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Selling Your Franchise or Offloading Your Company Store – Can Your Landlord Block an Assignment of Lease?

Luke Mitchell, ||

Assisted by Jason Vo

Have you ever experienced that heart-stopping moment where you have tried to sell your franchise or sell a company owned store and your landlord has attempted to object to your assignment of lease – blocking offers for one of the most important aspects of the goodwill of the business?

Before I explain what a franchisee can do in this situation, allow me to first explain what an assignment of lease actually is.

What is an Assignment of Lease?

An assignment of lease is when you, the lessee, transfer a lease to a new lessee. You then become the assignor and the new lessee becomes the assignee under an assignment of lease.

So, what is the current law in New South Wales regarding assignment of leases?

The Legislative Landscape 

As the name suggests, the Retail Leases Act (the Act) governs leases involving retail shops.

If you want to assign your interest in the lease to a third party, you will need to obtain consent from the lessor. Under the Act, the lessor can withhold consent in limited circumstances, such as if the proposed assignee has inferior financial resources or retailing skills to the proposed assignor (yourself.) The lessor can also refuse consent if you don’t comply with the procedure for obtaining consent to assignment, as required by the Act.

However, if you do obtain consent in the correct manner, and the proposed assignee doesn’t have inferior financial resources or retailing skills to you, it will be difficult for the lessor to refuse consent.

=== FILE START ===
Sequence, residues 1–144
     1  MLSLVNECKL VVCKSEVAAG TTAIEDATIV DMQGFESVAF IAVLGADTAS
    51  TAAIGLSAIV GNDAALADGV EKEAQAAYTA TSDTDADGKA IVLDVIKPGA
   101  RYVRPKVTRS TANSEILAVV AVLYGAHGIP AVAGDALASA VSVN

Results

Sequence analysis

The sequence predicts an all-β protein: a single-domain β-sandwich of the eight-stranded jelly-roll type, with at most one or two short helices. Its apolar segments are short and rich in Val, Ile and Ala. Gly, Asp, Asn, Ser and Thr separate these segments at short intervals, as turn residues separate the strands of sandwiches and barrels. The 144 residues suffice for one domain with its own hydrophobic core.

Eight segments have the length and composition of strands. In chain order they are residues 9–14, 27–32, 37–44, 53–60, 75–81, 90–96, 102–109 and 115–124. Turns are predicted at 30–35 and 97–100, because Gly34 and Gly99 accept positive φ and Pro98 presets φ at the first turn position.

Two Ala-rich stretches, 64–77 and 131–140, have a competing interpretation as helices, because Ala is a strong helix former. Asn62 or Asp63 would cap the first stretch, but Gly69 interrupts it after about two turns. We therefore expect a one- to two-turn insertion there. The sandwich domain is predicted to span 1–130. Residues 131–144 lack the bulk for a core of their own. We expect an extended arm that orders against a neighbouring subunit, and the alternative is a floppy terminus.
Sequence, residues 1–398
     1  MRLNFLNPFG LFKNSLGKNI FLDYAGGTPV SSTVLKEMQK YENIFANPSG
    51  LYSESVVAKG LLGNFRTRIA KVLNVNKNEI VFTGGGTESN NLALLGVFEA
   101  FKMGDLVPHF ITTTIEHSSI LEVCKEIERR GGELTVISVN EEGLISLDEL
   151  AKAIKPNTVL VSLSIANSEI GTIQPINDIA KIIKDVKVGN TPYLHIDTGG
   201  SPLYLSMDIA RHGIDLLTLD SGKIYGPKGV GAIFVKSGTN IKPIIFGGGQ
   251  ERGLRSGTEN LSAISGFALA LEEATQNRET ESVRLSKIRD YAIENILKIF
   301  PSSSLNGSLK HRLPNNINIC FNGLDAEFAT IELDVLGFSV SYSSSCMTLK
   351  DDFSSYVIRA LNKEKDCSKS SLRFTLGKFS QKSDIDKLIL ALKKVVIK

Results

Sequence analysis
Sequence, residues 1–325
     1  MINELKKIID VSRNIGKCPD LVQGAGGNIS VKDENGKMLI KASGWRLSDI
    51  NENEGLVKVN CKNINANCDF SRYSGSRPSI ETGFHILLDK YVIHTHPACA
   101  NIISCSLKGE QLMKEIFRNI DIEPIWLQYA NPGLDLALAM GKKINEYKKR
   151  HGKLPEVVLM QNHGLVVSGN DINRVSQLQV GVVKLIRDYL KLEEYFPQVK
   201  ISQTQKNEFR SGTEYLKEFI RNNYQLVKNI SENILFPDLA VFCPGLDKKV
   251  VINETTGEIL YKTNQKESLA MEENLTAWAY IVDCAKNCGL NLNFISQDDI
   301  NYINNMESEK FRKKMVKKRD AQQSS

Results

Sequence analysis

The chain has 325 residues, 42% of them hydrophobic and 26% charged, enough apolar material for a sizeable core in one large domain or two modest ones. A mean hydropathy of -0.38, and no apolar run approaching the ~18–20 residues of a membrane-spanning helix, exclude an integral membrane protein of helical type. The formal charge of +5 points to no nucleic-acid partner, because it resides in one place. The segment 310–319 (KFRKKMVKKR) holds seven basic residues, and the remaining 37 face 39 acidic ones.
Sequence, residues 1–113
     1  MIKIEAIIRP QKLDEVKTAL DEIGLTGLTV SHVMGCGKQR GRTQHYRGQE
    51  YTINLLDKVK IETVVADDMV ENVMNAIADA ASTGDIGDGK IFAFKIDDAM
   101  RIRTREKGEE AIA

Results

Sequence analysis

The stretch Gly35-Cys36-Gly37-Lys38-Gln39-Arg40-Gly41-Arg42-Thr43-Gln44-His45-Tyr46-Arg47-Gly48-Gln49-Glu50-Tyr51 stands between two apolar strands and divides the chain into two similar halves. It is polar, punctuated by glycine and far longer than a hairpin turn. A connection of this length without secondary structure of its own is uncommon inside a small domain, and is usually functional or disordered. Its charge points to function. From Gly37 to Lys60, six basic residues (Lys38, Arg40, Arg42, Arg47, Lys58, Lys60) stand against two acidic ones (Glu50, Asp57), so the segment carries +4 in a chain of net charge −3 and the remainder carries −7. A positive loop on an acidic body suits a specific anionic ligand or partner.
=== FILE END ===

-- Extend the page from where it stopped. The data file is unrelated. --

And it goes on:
Further, depending on your specific situation, the Conveyancing Act may also apply, particularly if your lease contains a covenant, condition, or agreement against assigning.

The case below provides useful guidance on interpreting the Act and has significant implications for lessees in particular.

Bar Machiavelli Pty Ltd (Administrator Appointed) [2018] NSWSC 1395 

The Background

Bar Machiavelli Pty Ltd (Administrator Appointed), the tenant, operated a bar and restaurant at leased premises at Rushcutters Bay from the landlord, WFM Motors Pty Ltd.

On 12 June 2018, Ms Toppi, the sole director of Bar Machiavelli, appointed a voluntary administrator to the company. Two parties, Bicher & Son Pty Ltd and Ms Toppi, made proposals for deeds of company arrangement (DOCA proposals), with both involving a proposed assignment of lease.

The voluntary administrator was unable to recommend the more beneficial DOCA proposal from Bicher because the landlord refused to consent to the assignment of lease on the grounds that it considered Bicher’s financial resources and retailing skills to be inferior to the original tenant, Bar Machiavelli. The landlord also claimed that the lessee didn’t comply with the procedure for obtaining consent to assignment.

Bicher took the landlord to court to argue that there weren’t valid grounds for withholding consent, thus allowing the administrator to recommend Bicher’s DOCA proposal to the creditors of Bar Machiavelli.

Outcome of the Case

Bicher’s financial resources were “unaudited and imperfect” however, they weren’t inferior to those of the assignor for the following reasons:

  • Bicher had consistent net operating profits and net assets for the financial years ending June 2016 to June 2018; and,